Disproportionality is the overrepresentation of a group of people in a program or system. Disparities are the unequal or different treatment or services provided to one group as compared to another group.

Child Protective Services (CPS) has been working to reduce disproportionality and disparities in the child welfare system since 2004, when it began collecting data to measure and understand the extent of the issue. CPS discovered that African American and Native American children in Texas are disproportionately overrepresented in the child welfare system, as they are in all 50 states. Hispanic children are not overrepresented, but they experience disparities at different points in the child welfare system.

Texas is a leader in efforts to eliminate disparities in its child welfare system. Senate Bill 6 of the 79th Legislature and Senate Bill 758 of the 80th Legislature laid the foundations and directions for addressing these disparities. Texas has analyzed data related to CPS removing children from their homes and enforcement actions. It has also reviewed policies and procedures in each child protection region, and developed plans to remedy disparities. To help with this effort, Child Protective Services:

  • Provides support to local disproportionality advisory committees across the state.
  • Collaborates with parents, youth, community partners, stakeholders, and faith-based organizations.
  • Focuses on family strengths and finding permanent homes for children and youth who might otherwise grow up in foster care without a caring adult in their lives. See the Permanency Care Assistance program.
  • Increased focus on kinship caregivers (extended family and friends).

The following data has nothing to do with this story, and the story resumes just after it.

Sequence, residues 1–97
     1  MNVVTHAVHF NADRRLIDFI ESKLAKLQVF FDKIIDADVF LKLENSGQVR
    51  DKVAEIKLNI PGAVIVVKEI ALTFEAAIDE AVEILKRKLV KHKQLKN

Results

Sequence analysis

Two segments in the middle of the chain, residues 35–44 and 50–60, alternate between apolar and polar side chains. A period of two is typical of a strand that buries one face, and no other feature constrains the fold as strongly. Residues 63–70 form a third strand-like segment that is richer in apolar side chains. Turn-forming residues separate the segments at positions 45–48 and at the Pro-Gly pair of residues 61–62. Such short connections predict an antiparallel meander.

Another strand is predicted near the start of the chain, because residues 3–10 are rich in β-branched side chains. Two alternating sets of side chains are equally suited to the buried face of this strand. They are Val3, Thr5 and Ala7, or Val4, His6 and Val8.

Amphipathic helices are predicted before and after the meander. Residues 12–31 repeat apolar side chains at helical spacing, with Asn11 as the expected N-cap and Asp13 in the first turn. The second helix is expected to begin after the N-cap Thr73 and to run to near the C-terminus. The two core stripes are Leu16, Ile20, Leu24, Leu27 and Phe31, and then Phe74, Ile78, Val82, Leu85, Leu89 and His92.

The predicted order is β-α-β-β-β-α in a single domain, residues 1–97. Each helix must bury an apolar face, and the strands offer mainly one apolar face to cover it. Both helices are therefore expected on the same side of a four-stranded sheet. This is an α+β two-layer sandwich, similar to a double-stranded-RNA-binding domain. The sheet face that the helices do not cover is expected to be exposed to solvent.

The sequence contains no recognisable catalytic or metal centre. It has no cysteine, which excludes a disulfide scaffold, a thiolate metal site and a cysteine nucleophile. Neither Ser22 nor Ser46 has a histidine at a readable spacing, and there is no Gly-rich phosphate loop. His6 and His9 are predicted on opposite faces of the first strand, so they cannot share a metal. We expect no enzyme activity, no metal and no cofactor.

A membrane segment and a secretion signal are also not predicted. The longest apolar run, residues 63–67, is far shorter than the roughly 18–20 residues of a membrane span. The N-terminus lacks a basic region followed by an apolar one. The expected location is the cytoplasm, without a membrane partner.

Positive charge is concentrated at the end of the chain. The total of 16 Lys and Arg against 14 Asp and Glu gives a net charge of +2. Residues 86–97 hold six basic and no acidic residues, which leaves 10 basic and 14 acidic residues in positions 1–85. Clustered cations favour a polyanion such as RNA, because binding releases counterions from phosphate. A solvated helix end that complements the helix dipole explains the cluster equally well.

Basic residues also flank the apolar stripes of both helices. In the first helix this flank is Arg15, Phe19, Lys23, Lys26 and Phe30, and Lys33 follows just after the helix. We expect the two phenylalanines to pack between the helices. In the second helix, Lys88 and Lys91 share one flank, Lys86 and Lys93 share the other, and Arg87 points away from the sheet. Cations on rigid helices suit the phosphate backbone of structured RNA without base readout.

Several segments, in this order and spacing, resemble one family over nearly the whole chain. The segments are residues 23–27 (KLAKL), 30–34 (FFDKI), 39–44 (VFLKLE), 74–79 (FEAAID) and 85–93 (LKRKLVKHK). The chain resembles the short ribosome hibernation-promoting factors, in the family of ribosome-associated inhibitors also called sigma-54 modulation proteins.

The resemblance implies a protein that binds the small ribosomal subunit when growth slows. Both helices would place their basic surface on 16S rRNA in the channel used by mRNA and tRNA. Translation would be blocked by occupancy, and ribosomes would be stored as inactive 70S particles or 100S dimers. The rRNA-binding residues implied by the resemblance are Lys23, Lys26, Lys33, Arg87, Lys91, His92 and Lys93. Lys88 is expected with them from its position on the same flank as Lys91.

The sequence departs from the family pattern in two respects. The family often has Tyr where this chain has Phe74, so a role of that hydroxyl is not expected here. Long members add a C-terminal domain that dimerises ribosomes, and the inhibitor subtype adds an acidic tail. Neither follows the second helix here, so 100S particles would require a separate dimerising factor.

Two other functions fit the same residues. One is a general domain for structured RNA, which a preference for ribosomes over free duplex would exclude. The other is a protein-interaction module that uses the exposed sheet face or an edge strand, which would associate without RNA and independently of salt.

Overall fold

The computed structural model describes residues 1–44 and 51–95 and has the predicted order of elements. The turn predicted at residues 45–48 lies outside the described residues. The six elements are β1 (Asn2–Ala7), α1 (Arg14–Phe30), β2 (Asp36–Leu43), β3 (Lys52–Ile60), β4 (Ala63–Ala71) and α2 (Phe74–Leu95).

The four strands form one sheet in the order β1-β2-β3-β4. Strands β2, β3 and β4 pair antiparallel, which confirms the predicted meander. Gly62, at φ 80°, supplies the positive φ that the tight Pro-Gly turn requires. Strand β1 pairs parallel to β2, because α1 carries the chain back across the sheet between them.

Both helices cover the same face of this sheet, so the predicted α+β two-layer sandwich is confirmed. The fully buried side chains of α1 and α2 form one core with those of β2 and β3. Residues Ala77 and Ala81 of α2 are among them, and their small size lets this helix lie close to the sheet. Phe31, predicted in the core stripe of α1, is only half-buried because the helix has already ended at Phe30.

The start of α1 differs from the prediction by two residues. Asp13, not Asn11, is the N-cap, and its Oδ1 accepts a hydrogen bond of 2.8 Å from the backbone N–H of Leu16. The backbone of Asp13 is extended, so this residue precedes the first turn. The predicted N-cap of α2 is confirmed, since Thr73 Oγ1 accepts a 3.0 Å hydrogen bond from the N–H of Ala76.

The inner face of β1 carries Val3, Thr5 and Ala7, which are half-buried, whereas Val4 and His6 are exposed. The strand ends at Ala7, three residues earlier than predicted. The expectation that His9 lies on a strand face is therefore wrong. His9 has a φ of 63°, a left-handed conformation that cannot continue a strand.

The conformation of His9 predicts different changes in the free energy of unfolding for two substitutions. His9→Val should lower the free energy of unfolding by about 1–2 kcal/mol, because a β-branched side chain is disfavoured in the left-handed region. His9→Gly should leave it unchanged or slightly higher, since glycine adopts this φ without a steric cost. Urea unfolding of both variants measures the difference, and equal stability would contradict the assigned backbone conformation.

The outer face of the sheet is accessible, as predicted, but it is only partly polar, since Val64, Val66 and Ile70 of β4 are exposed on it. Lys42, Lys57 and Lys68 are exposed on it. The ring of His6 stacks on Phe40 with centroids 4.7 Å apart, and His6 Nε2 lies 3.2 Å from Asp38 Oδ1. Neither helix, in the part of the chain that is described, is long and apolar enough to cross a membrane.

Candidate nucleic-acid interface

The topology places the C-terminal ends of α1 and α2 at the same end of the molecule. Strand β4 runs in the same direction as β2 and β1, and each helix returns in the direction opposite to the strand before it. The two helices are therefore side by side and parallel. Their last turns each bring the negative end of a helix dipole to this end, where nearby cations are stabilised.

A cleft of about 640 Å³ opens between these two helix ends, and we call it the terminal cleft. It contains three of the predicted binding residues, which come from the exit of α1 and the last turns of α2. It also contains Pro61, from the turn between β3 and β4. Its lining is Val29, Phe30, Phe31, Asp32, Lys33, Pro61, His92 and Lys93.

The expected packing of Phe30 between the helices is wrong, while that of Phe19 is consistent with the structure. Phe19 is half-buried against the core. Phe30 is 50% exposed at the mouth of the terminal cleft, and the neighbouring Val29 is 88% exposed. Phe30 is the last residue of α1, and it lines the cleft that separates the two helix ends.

• Increased emphasis on development of the cultural responsiveness of staff and stakeholders.

CPS continues to enhance efforts to move children from foster care to permanent homes. This includes recruiting foster and adoptive families for specific children and diligently searching for absent or unidentified parents and kinship caregivers. State law and the commitment CPS and its partners ensures these efforts will continue and CPS continues incorporate the lessons it learns into its casework.

Knowing Who You Are Training

CPS has been training staff, developing leadership, and evaluating and adjusting its policies to address disproportionality since 2004. Thousands of managers and supervisors have participated in training. Efforts to increase the cultural responsiveness of front line CPS staff and as external partners has been equally important. 

In 2006, CPS partnered with Casey Family Programs and started training CPS staff with a course called "Knowing Who You Areā€¦Helping Kids in Care Develop their Racial and Ethnic Identity".  All CPS caseworkers take this curriculum as a part of their basic training. Casey created another version of this training to help CPS managers and supervisors develop skills to address disproportionality in their daily work.

External partners who have had this training include representatives of Court Appointed Special Advocates (CASA), school districts, community-based care personnel, and Texas Health and Human Services.

Poverty Simulations

The Department of Family and Protective Services is aware of the need for greater exposure to cultures through training. Therefore DFPS procured and developed courses on working with African American and Latino families as well as a course on working with impoverished families. In FY 2013, CPS began conducting “poverty simulations” for staff and external stakeholders. These simulations are designed to increase staff’s understanding of impoverished families. This is important because of findings that race and poverty are interconnected.


For more information on disproportionality, disparity, and poverty simulations, contact State Disproportionality Manager, Tanya Rollins.